The Financial Stability Board (FSB) was established by the Group of Twenty (G-20) finance ministers and central bank governors in 2009 as the successor to the Financial Stability Forum. It was established to coordinate the work of national financial authorities and international standardization bodies to develop and promote the implementation of effective regulatory, supervisory and other policies in the financial sector in the interests of financial stability. The FSB brings together national financial stability authorities in 24 countries and jurisdictions, international financial institutions, industry-specific international groups of regulators and supervisors, and committees of central bank experts. The FSB advocates a major program of financial regulatory reforms to address the problems of the financial system in order to create uniform rules and a level playing field for all countries. The purpose of the FSB is to provide guidance and explore ways to deal with globally systemically important financial institutions to prevent financial crises.
Insurance is a contractual relationship that arises when one party (the insurer), for a fee (premium), agrees to compensate the other party (the insured) for losses caused to a certain subject (risk) caused by certain unforeseen circumstances (hazards or dangers). The term ‘guarantee’, commonly used in England, is considered synonymous with ‘insurance’.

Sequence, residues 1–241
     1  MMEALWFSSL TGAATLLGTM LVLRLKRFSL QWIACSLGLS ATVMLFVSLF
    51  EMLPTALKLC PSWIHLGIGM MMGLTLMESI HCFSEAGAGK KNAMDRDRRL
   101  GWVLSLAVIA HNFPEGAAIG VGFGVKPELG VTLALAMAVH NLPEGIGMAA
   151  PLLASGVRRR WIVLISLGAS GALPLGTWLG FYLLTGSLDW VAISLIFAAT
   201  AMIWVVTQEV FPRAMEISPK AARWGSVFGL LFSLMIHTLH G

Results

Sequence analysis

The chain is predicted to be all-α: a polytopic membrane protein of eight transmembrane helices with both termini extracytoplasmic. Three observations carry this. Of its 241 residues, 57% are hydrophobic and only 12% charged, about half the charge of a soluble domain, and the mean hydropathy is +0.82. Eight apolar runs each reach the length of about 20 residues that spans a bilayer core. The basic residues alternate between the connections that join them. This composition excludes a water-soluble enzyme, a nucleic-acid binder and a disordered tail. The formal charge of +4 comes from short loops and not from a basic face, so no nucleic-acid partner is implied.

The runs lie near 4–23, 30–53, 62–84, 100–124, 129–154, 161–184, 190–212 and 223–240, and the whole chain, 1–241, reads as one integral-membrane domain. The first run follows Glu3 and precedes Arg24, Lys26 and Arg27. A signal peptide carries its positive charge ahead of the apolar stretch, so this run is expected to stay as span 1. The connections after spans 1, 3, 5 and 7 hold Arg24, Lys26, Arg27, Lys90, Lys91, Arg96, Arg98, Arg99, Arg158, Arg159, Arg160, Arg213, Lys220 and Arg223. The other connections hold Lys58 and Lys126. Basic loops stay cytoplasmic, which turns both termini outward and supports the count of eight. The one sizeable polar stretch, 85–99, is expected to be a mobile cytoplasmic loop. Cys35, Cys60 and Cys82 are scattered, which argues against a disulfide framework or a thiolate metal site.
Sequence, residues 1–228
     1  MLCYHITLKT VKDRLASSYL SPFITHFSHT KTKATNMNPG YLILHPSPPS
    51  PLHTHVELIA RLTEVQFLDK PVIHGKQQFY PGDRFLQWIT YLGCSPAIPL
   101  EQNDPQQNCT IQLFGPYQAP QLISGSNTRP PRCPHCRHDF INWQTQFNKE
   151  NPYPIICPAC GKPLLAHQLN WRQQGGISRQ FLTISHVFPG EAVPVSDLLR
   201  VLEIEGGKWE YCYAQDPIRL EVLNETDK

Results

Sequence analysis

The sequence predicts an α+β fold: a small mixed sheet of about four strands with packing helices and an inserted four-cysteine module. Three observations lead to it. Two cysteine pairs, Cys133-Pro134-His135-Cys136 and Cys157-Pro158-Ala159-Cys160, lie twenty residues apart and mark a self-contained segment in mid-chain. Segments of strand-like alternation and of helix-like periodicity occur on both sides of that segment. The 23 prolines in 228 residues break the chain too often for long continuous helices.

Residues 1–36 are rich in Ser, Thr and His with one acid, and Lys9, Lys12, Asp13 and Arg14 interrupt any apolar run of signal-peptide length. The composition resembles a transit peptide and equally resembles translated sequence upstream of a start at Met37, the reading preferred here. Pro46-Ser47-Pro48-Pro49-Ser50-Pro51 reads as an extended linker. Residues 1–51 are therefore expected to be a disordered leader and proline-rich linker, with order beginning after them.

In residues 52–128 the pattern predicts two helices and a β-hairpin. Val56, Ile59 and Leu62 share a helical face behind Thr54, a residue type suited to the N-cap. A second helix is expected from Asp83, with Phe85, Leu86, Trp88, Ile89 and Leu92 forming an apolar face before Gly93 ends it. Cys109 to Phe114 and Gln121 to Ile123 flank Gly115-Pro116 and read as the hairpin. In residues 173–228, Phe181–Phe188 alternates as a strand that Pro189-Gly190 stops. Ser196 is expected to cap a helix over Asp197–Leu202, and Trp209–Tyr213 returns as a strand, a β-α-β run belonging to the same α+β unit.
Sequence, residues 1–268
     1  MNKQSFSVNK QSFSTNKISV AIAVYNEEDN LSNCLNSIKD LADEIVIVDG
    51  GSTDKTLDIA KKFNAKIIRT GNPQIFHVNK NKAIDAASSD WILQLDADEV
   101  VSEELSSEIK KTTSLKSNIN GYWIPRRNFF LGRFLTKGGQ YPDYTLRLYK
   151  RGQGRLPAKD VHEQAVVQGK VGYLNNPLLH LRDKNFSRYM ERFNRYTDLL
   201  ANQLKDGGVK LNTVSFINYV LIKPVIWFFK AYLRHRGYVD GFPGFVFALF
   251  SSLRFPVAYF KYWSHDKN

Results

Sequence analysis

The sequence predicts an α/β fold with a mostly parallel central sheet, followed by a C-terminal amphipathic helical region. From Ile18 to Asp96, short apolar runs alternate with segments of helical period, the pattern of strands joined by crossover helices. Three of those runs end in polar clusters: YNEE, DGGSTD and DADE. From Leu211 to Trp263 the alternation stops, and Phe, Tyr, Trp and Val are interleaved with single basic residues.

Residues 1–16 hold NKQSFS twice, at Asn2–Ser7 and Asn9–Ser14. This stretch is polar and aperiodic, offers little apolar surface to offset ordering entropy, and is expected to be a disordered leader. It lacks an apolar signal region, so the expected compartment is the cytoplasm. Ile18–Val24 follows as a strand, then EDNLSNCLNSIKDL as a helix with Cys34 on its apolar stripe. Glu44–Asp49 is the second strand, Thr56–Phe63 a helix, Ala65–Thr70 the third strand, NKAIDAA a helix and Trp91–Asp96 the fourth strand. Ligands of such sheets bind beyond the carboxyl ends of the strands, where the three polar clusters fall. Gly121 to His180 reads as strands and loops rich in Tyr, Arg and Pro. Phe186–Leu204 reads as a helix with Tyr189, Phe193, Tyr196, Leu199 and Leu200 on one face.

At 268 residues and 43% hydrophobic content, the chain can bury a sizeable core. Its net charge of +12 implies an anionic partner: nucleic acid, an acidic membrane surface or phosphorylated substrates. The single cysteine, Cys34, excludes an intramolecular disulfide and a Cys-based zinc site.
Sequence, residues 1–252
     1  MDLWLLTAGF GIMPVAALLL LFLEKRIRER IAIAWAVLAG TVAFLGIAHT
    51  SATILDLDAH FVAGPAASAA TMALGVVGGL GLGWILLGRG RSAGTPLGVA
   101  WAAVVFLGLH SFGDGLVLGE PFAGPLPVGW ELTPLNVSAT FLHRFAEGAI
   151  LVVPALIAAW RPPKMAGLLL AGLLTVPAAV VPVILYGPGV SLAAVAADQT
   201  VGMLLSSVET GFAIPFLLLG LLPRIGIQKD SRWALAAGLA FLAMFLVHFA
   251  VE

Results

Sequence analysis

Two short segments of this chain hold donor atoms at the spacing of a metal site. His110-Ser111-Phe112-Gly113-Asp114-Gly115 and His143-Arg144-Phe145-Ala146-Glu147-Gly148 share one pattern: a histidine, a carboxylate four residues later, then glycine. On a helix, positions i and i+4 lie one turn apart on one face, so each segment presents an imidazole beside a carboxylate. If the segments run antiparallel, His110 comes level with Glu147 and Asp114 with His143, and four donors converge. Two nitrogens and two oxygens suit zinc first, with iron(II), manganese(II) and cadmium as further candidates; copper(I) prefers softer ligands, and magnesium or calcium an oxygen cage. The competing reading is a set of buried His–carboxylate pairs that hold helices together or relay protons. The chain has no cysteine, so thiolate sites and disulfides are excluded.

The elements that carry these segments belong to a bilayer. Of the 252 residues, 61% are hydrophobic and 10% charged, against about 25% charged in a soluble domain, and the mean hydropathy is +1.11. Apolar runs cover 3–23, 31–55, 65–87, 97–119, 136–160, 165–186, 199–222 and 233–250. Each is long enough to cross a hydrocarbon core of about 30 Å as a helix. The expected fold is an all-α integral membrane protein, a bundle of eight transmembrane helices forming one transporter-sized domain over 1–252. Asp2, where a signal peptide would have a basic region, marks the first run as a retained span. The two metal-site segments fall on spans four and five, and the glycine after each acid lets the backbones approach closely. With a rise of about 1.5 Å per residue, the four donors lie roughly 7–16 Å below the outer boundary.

The 10/10 Rule is a matter of analyzing and demonstrating the transfer of risk as a precondition for the use of reinsurance accounting, which was codified in the early 1990s with the adoption of Financial Accounting Standard (FAS) 113 (and its statutory counterpart, SSAP 62). FAS 113 itself was a response to alleged abuses and set the standard for testing whether something should be called an insurance contract. FAS 113 required that the transfer of risk be demonstrated by comparing the present value of the cash flows associated with the contract and, in particular, by exceeding certain thresholds of “significance” of risk. The thresholds, often referred to as the 9a and 9b tests, are: 9a. The reinsurer assumes significant insurance risk under the reinsured parts of the underlying insurance contracts. 9b. It is possible that the reinsurer could suffer a significant loss from the transaction. While neither “significant” nor “reasonably possible” was defined in this context, standard rules of thumb quickly emerged in the implementation of FAS 113. The most commonly cited is the “10/10 Rule”. This rule states that a contract reaches a threshold if there is at least a 10 percent chance that it will suffer a loss of 10 percent or more in present value (expressed as a percentage of the contract premium ceded).